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ListenerList - a Better Way to Manage Your Event Listeners

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ListenerList - a Better Way to Manage Your Event Listeners

· Java Zone ·
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You have published a listener interface and have a place where your clients register their listeners. There you typically code like this:

List<SomeEventListener> listeners = new ArrayList<SomeEventListener>(); 

public void addSomeEventListener(SomeEventListener listener) { 
    listeners.add(listener); 
} 

public void removeSomeEventListener(SomeEventListener listener) { 
    listeners.remove(listener); 
} 

public void fireSomeEvent(SomeEvent event) { 
    for (SomeEventListener listener : listeners) { 
        listener.eventOccured(event); 
    } 
}

The problem with this approach is two fold:

  1. Memory usage: The capacity of the ArrayList is always >= its size. So if you just have 200 listeners, there is a good chance that the memory might have been allocated for 300 elements
  2. Thread safety: Murphy's law will prove itself, and multi threaded bugs can be a pain in your back to debug. You have to properly sync all the write access and provide faster read only access for event firing operations.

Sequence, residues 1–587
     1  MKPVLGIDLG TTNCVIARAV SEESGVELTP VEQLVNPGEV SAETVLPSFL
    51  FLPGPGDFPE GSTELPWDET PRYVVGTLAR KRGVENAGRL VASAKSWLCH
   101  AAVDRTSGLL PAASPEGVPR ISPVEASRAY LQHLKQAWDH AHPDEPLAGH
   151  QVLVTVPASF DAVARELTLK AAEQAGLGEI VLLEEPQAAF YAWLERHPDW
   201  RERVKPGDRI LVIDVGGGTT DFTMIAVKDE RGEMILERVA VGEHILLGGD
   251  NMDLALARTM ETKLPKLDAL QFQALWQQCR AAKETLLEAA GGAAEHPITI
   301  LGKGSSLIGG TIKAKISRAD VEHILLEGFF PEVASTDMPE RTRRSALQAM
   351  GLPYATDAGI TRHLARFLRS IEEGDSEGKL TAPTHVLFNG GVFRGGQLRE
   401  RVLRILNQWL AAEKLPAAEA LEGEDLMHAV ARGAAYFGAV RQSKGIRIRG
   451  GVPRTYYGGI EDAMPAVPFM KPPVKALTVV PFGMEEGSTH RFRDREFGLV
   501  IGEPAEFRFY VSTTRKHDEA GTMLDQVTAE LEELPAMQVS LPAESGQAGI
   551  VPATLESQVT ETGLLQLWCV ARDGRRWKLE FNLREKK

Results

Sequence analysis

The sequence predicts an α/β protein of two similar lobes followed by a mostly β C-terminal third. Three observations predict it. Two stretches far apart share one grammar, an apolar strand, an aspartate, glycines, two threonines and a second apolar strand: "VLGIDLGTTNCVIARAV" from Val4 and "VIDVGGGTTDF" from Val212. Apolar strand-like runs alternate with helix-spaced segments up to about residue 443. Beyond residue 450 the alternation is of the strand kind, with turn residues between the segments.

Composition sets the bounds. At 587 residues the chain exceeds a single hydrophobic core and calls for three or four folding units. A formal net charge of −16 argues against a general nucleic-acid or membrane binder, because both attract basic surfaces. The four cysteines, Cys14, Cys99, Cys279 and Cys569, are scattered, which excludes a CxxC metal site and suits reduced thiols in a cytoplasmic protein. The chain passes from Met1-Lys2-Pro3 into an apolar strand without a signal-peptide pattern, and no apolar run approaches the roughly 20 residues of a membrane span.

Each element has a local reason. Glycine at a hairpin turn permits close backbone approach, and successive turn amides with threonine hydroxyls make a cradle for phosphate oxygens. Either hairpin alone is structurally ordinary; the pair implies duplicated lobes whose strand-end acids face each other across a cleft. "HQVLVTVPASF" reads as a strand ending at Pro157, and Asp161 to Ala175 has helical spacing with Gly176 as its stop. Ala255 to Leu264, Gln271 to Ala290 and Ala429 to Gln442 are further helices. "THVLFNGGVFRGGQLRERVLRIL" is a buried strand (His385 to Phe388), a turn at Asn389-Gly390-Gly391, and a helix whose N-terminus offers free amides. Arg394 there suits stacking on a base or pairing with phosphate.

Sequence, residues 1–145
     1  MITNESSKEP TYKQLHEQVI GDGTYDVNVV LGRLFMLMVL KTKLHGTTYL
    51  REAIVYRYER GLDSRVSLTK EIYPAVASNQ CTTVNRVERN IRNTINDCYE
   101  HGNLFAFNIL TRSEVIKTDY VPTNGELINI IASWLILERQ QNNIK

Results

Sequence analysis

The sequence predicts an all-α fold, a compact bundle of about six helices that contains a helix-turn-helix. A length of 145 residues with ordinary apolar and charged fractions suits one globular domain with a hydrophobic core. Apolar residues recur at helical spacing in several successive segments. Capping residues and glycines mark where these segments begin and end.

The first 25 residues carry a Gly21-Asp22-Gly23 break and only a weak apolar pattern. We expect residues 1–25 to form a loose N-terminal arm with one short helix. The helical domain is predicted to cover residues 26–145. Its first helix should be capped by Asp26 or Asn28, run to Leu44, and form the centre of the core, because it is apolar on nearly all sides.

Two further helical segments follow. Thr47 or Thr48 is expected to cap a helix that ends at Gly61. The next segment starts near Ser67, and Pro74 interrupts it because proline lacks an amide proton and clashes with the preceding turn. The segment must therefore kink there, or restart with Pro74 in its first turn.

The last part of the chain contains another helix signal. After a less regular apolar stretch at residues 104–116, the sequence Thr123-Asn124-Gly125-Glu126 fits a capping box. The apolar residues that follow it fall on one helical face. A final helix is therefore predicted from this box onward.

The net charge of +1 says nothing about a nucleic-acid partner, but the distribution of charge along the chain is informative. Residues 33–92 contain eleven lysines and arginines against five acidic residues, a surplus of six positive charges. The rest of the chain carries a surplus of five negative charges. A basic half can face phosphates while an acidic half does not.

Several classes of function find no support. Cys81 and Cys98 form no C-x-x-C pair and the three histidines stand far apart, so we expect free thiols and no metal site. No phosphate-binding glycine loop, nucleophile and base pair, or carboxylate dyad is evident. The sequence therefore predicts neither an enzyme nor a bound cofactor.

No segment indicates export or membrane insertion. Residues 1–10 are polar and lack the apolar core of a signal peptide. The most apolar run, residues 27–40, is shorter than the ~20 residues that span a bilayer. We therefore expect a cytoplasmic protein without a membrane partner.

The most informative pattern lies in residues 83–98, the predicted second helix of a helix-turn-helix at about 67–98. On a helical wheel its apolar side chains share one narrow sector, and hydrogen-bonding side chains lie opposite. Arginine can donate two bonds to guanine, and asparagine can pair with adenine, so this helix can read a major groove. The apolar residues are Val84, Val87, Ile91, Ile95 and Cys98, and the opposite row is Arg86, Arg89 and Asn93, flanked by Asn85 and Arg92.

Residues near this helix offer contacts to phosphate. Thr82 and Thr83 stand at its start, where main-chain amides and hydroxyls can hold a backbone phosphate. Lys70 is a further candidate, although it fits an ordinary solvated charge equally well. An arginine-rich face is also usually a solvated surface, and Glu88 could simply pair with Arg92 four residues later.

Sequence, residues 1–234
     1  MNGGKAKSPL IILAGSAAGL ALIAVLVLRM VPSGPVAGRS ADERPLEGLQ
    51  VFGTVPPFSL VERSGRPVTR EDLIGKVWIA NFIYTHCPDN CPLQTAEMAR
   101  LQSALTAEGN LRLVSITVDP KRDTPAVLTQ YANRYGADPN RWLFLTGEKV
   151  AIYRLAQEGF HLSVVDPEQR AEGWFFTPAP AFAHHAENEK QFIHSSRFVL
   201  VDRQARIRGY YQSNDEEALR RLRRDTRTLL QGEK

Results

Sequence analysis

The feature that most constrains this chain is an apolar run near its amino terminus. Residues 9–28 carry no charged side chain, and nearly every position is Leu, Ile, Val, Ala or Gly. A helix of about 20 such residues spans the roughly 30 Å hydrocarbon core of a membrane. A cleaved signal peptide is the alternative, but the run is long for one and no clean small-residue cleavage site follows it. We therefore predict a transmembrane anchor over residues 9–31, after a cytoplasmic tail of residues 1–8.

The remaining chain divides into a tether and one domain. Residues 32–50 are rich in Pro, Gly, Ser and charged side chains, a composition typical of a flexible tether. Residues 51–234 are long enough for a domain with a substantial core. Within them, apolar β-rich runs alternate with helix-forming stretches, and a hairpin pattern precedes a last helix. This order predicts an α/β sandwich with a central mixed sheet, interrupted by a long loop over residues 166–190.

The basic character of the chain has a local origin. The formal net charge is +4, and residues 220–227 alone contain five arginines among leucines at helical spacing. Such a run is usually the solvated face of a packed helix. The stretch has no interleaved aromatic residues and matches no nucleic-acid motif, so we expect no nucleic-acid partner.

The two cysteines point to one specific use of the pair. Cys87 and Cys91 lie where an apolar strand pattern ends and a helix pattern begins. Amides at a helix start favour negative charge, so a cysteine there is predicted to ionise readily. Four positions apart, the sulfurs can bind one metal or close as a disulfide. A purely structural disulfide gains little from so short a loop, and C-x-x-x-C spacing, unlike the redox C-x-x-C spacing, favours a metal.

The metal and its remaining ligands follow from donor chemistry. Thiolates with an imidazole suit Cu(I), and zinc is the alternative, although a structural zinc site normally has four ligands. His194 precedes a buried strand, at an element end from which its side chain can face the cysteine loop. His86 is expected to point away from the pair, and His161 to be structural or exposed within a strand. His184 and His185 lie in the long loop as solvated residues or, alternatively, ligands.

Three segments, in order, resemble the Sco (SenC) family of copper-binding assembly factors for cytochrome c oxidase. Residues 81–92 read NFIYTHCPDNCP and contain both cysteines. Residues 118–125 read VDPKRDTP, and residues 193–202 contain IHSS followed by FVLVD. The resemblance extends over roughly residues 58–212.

To handle these two issues, Eclipse gives you a nice API: ListenerList class. Its meant for storing these kind of listeners, where any write modification to the underlying array (add, remove, clear) is synchronized and give access to the underlying array for faster read access. Memory is allocated only for the number of listeners registered.

The same above example can be rewritten as:

ListenerList listeners = new ListenerList(); 

public void addSomeEventListener(SomeEventListener listener) { 
    listeners.add(listener); 
} 

public void removeSomeEventListener(SomeEventListener listener) { 
    listeners.remove(listener); 
} 

public void fireSomeEvent(SomeEvent event) { 
    Object[] listenersArray = listeners.getListeners(); 
    for (int i = 0; i < listenersArray.length; i++) { 
        ((SomeEventListener)listenersArray[i]).eventOccured(event); 
    } 
}

 

ListenerList provides two ways of duplicate checking of the listeners: Equality and Identity. It can be specified in the constructor. Since the core Eclipse platform is in Java 1.4, you still can't use generics and foreach, but that shouldn't be a hindrance.

Question: Now that I do have a direct access to the underlying array, what if i manipulate it like this:

Object[] listenersArray = listeners.getListeners(); 
listenersArray[0] = null; 
listenersArray[1] = someEventListener5;

 

Well, the same thing happens when you shoot yourself in the foot :-)

 

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